For the last few years, Cabinet Magazine, published by the New York-based non-profit Immaterial Incorporated, has brought readers theoretical and artistic investigations into various cultural themes ('Flight' was the last one) bolstered by commissioned visual and audio artworks. A visit to the Cabinet website reveals that they have also been active commissioning works for the web. The most current project, Jackie Goss's 'There There,' is a click-through Flash site that takes visitors on a journey through a history of the mapping of North America. The current collection of nine projects exhibits the same idiosyncratic style as the magazine's print projects, including a narrative about a Balkan village built in Colorado for military exercises and an interactive generator of graphs for universal experiences. -Ryan Griffis
Once any new technology is unveiled, someone will find a way to make it painful. Taking this a bit too literally is Christophe Bruno, whos latest project, 'WiFi-SM,' features a plan for a WiFi-enabled, wearable patch that dishes a powerful jolt of electricity. How does it work? After connecting to a public node, the chip scans up to 4,000 news sources looking for keywords such as 'murder,' 'death,' and 'kill.' If they're found, the chip triggers a shock so wearers can 'feel' global pain. If participants want to personalize the experience, the product's built-in P2P (Pain-to-Pain) technology allows them to adjust pain thresholds and define their own keywords. Since it's a patch, one can also decide where it goes on the body. My personal keywords would probably be "George Bush", and I think you know where it would be placed. -Jonah Brucker-Cohen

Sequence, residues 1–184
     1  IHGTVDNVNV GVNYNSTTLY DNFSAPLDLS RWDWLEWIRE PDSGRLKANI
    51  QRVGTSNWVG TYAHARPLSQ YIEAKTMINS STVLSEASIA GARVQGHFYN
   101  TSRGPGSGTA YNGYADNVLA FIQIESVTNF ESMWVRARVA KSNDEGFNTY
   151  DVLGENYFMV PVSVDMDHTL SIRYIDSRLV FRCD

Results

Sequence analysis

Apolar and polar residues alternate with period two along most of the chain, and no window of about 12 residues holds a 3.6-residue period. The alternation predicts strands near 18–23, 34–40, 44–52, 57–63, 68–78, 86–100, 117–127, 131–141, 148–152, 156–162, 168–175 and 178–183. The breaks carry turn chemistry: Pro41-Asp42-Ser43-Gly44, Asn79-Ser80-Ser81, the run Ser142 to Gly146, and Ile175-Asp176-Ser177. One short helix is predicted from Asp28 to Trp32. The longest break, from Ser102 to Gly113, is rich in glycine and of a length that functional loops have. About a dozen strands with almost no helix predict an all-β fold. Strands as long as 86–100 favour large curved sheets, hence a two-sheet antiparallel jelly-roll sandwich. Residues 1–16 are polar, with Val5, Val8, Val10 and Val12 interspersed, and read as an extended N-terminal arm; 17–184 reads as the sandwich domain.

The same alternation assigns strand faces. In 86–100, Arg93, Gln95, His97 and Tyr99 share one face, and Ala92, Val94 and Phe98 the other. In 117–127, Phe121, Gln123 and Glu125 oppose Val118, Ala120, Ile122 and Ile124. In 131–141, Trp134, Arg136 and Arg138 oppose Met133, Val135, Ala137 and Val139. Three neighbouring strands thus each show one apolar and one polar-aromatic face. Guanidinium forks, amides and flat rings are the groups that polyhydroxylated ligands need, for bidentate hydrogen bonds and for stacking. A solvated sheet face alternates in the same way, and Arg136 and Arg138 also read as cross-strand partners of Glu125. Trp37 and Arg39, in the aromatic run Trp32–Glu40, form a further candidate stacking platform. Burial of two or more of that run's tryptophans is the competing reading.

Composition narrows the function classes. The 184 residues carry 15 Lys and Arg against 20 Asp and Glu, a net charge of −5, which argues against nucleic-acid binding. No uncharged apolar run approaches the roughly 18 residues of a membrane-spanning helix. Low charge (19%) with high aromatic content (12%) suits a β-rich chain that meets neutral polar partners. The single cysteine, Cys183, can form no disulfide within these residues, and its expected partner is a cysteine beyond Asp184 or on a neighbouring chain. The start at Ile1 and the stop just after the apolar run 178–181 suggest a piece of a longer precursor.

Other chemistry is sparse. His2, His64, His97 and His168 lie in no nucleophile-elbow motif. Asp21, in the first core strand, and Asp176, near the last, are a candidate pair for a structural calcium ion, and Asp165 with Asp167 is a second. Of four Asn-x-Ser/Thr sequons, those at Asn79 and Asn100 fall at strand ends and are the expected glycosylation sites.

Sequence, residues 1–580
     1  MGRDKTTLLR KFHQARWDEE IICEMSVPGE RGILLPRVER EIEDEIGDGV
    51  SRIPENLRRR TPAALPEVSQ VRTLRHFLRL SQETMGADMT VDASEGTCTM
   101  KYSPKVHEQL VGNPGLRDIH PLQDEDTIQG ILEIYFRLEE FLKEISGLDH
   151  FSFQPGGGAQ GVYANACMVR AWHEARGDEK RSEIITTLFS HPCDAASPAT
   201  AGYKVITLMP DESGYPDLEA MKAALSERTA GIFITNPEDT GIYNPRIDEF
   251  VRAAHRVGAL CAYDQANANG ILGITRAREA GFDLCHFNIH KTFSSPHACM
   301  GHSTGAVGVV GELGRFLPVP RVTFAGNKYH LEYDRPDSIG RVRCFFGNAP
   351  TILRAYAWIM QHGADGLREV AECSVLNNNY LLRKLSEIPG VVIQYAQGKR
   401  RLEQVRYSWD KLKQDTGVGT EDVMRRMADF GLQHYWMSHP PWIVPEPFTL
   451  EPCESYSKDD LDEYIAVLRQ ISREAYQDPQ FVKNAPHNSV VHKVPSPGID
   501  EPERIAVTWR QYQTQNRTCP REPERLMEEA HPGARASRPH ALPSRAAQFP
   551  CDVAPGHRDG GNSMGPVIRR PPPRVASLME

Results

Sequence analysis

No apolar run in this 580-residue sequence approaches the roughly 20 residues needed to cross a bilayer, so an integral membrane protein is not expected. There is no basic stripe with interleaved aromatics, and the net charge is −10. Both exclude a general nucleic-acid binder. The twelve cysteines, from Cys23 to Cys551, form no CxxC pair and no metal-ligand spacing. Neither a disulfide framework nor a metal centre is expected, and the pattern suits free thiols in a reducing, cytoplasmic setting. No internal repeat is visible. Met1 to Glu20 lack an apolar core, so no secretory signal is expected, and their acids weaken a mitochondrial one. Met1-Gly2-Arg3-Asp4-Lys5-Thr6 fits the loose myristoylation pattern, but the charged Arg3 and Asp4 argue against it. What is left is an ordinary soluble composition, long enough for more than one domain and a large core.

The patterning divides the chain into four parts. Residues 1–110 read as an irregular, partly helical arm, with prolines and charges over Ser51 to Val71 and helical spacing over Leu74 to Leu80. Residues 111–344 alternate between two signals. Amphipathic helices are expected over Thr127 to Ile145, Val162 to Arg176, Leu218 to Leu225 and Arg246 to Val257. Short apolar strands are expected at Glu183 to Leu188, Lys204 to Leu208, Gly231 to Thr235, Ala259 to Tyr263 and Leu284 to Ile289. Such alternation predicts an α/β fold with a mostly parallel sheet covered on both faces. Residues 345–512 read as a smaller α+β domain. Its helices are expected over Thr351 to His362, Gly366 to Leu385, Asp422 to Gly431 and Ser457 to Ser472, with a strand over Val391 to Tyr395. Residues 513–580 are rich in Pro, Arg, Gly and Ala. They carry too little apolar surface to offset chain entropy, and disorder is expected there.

The announced death of Art Brut -- whether deemed coterminus with the life of its early theorizer Jean Dubuffet, extinguished by the use of neuroleptics, or lethally problematized by contemporary contestations of its essentialist premises -- has put organization abcd (art brut connaissance & diffusion) on the defensive. The French foundation bases its activities around film-maker Bruno Decharme's extrordinary collection of over 2000 works that he feels were created free from the influence of 'cultural art,' and without concern for contact with an audience. The collection (of which several hundred images can be viewed online) is largely comprised of works by European psychiatric patients. While several of the site's texts seek to determine and articulate a functional definition for Art Brut in the 21st century, others provide a concise history of European modernism's relationship to the 'art of the insane' and the political struggle within the Paris Surrealists over Dubuffet's fascination with 'anti-cultural' art. -- Johanna Fateman
VIDEOFOCUS 2014 - OPEN CALL FOR VIDEO - EXTENDED DEADLINE!